But when you realize that you’re the only person who can truly make you feel okay, you welcome the opportunity to take responsibility for your feelings. You make it your job to feel good, which in turn takes the pressure off your partner to make everything right.
As if by magic, even long-standing problems melt away as your need for control disappears.
This is my life’s work, and it’s the work that has helped couples in crisis completely transform their relationships where traditional therapy has failed.
In my program, Wildly, Deeply, Joyously In Love, you’ll learn how to heal self-abandonment so that you are no longer engaging in controlling behavior that creates problems in relationship.
You’ll learn all about Inner Bonding—a six-step process that has brought healing to thousands. Through this process, you’ll be able to take responsibility for feelings of shame, emptiness, anxiety, and anger so you don’t pull on your partner to do this for you. Remember, your partner can’t possibly soothe all your feelings and make you feel okay, no matter how much he or she loves you.
You’ll learn how to define your own worth so you’re not depending on other people to determine you’re okay. That means you’ll no longer be trying to get others to pay attention to you or make you feel better.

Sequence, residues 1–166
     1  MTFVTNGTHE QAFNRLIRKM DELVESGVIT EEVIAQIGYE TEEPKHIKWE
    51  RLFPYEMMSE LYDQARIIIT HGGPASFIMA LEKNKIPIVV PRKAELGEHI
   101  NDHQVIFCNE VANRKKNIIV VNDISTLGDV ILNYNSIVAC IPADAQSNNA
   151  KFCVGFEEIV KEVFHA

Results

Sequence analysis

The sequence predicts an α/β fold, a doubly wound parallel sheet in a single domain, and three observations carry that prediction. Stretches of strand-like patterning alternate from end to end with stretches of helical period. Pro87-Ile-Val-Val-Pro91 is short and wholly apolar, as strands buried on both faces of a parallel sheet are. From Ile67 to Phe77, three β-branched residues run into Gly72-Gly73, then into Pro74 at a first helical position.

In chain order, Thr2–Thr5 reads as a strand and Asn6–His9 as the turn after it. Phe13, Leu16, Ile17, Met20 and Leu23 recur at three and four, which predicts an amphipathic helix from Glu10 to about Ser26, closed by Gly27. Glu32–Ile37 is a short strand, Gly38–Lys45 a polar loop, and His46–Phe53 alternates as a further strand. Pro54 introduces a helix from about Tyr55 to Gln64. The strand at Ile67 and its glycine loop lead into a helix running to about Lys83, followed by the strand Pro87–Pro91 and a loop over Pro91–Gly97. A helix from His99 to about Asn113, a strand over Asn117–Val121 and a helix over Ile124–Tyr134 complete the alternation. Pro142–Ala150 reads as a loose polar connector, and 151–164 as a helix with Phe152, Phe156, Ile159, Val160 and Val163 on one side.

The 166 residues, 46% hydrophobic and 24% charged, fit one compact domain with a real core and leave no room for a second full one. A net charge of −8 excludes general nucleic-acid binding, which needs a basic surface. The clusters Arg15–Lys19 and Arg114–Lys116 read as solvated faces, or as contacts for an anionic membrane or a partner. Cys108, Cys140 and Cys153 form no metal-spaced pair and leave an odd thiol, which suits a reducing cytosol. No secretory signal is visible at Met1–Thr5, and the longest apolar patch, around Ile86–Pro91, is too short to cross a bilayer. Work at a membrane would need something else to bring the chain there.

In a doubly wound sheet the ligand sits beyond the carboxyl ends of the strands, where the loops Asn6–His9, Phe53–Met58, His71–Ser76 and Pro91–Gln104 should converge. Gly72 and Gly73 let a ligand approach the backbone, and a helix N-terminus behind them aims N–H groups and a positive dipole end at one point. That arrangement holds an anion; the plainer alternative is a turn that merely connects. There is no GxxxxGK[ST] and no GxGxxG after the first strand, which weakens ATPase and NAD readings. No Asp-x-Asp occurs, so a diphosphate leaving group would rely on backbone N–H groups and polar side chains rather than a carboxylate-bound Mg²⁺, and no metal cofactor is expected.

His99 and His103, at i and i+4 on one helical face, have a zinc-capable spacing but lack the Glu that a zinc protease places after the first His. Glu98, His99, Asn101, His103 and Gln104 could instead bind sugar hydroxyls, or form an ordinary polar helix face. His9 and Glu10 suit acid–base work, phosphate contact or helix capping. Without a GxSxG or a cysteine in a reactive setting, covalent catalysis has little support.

Once you learn the process in this program, it becomes a lifestyle—a wonderful habit where you take care of yourself and create a better relationship simply through the act of taking responsibility for your feelings.
Because of this, I’ve structured the program as a 30-day course. You’ll receive 30 daily videos where I’ll coach you through the ideas and give you actionable steps to implement in your life so you make real progress.
I’ll teach you how to identify when you’re operating out of neediness and control, and ultimately how to give yourself all the love and validation you need. From this place of total self love, you’ll finally be able to share love and create a healthy relationship:Heal Yourself And Your Relationship
When you learn to fill yourself up with love and you create your own sense of worth, something magical happens—you naturally want to share this love with your partner. No longer in a state of neediness, you just want to give. When two people come to a relationship like this, it’s the greatest joy in life.
P.S. Leaving your relationship—other than an abusive relationship—before discovering the inner fears and beliefs that led you to the relationship in the first place, is essentially a waste of time.
You will continue to choose the same kind of person over and over—even if that is not apparent at first—until you heal the underlying issues that led you to choose this person in the first place.Don’t Leave Until You Try This
Dr. Margaret Paul